If a single surviving platform was close enough to the SLN BCs for them to be in range then it would be out of FTL range of Beowulf's Skywatch as so unable to receive and relay the fire control settings to it's missiles. And if a single surviving platform was close enough to Skywatch to get the FTL fire control data upload then it'd be too far from the SLN BCs (which remember, barely cross the hyper limit) to have FTL fire control of the Apollo missiles. So they'd have still been in autonomous mode when they reached the BCs -- just like they were without the platforms at all.

??? Why would Skywatch even be needed? Mycroft should operate completely independently from Skywatch, shouldn't it?



Jonathan_S wrote:As for platform separation you seem to be arguing for somewhat contradictory things ;) -- saying they're too close together, while also saying they were emplaced near their maximum effective range, but wanting redundant coverage (2-1)...

But they can't be placed with redundant coverage without being closer to each other so their coverage overlaps.

You misunderstood me. I was suggesting the Bullets would be seeded at a 2-1 advantage in overkill, to ensure successful kills. I don't know how the MA would know the range of the system. That is classified as well. At any rate, I was suggesting that they SHOULD have been deployed at their maximum effective range, but that it was difficult to accept that they were. That would have been a whole lot of real estate for a few dozen objects 90% the size of LACs to be searching for prey undetected for weeks.

Jonathan_S wrote:My estimated 10 platforms minimum to cover the inner system has those platforms at about their maximum effective range -- as far away as they can be without creating significant no coverage areas (aka dead zones) -- which, based on Keyhole II, I'm putting at about 7 LM (126 million km) apart; with each platform able to FTL control missiles out to about 5 LM (90 million km). With that minimum emplacement their locations are roughly equally spaced throughout the area inside the hyper limit -- because otherwise, again, you'd have dead zones -- which does means that once you find a few of them their spacing pattern would likely become pretty obvious.

With the minimum number of platforms, meaning they're nearly as far apart as they can be to maintain coverage, they can't be randomly placed without creating coverage dead zones. But if you accept having more platforms, closer together, then you can have enough redundancy to somewhat randomize individual platform placement without creating dead zones -- but you didn't want platforms closer together...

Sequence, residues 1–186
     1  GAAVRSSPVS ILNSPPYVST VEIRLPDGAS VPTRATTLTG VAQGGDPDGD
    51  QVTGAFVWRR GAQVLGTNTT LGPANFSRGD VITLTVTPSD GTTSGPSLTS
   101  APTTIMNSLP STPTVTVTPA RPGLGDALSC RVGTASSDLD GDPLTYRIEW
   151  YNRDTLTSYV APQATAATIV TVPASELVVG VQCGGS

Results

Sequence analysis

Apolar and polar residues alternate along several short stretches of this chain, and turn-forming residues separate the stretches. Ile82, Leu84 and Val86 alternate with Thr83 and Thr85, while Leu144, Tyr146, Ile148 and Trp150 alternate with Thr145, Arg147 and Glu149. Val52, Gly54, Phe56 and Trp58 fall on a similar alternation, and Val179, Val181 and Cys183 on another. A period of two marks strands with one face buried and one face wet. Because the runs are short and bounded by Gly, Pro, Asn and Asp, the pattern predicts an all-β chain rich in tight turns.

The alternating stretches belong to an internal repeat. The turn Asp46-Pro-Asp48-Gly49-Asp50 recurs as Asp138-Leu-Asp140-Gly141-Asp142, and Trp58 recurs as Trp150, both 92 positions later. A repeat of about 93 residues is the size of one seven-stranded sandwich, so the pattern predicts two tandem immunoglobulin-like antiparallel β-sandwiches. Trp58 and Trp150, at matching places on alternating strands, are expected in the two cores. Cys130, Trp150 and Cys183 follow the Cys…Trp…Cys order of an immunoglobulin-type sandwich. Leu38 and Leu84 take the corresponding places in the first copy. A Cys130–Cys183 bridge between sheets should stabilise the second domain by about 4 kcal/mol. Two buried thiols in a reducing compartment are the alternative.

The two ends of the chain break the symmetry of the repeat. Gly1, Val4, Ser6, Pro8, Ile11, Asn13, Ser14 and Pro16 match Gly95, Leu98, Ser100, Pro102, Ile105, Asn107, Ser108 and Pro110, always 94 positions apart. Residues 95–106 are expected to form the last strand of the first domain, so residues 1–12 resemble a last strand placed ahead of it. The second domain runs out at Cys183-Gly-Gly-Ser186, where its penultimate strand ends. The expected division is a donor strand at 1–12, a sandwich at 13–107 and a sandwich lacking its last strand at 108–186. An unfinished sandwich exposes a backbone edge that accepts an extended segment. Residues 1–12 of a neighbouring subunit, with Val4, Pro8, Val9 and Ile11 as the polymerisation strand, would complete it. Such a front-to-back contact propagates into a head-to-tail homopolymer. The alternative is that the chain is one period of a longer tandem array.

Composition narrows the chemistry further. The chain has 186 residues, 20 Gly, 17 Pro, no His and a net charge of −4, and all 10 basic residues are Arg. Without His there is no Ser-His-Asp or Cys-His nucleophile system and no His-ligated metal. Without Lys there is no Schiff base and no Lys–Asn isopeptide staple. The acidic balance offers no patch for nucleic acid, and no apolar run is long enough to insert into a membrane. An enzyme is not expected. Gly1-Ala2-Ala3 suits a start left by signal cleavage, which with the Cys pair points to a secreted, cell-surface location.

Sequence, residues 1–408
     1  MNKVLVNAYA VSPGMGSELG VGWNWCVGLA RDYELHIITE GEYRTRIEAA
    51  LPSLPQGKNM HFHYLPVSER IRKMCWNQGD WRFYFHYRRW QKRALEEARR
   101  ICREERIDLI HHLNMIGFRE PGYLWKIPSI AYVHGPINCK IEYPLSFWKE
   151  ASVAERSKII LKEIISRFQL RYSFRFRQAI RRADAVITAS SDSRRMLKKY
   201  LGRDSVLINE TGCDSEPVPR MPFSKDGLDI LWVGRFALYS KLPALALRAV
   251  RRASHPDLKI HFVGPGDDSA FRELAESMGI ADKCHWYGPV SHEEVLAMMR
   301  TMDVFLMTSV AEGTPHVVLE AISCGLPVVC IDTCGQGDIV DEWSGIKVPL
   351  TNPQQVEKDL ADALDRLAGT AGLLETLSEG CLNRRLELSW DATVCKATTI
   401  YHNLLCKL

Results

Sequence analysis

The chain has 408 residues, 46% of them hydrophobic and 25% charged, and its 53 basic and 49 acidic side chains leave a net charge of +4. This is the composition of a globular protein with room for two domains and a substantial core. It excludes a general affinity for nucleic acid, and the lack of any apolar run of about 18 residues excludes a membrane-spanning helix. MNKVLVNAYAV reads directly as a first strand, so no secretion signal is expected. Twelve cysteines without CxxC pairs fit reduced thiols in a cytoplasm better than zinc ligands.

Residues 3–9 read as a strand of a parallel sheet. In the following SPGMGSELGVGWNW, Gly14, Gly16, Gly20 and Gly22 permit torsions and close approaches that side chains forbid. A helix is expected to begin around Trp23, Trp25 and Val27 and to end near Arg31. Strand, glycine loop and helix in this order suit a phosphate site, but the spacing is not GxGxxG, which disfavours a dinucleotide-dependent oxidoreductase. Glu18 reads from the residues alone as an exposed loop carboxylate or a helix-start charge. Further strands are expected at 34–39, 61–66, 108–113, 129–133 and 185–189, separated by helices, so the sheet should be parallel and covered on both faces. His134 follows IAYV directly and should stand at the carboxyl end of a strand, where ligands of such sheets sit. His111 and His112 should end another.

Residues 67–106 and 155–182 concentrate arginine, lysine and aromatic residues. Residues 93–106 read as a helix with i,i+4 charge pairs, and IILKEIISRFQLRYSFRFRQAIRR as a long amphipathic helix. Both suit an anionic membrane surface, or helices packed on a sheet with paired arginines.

It isn't that I didn't want them closer together, but that I didn't think there were enough of them to overlap in coverage. Nor do I think they should have been operating closer together because of security. Beowulf is an important ally, but it is not the MBS. There were political limitations to deployment which would have translated into tactical limitations as well. I'm simply saying that maximum deployment should have been a hell of a lot of real estate to cover.

Jonathan_S wrote:As for "going active", my impression was that was when the FTL traffic to the Mycroft platform greatly increased. As it would have to do in order to do to start sending targeting data to it's missiles. It's whole purpose is to receive and relay FTL fire control information and the relaying part of that inescapable requires it to start sending high bandwidth FTL signals to all the missiles it's about to order to launch. Unfortunately that communication is an inescapable part of their combat role.

Okay, agreed.

Jonathan_S wrote:And for the freighter dropped them off, it appears I had drastically underestimated how long the Silver Bullets would have been in system. I still don't see a firm date, but while searching just now to remind myself of her name (Star Galleon’s ) I found this disucssion I'd forgotten about.
Uncompromising Honor: pg.271/512 RTF edition wrote:Benjamin nodded. “Have your projections for in-system deployment changed?”
“Not significantly.” Daniel shook his head. “Given the volume we’ve projected for the Mycroft platforms’ locations, they should be fully deployed within twelve days.”
“Dwell time projections?”
“That’s actually a little better than our original estimates. Given the size of the final platform, we were able to build in deployable solar panels and a trickle charger for the plasma capacitors. They’ll be far enough out to limit what the panels can scoop up, but they should have enough power to hold the accumulators’ charge for at least eighty days before they fall behind the leakage rate and the capacitors drop below minimum operating levels. The numbers for Beowulf suggest it’ll be closer to ninety or even a hundred days, but eighty’s a safe minimum estimate.”


How could the MA have a projected volume of placement for the Mycroft platforms when information about their range would be highly classified as well.

Jonathan_S wrote:So 12 days from getting dropped off just to disperse across the system; and a total of about 3 months maximum from drop off until the attack has to happen.
However if Star Galleon made her schedule she'd have arrived at Beowulf around the start of December and we know the attack happened in the section of the final section of the book; marked "JANUARY 1923 POST DIASPORA". So it appeared they had between 4 - 8 weeks to disperse and sniff out the Mycroft platform locations.

As for the freighter hanging around; why would it need to?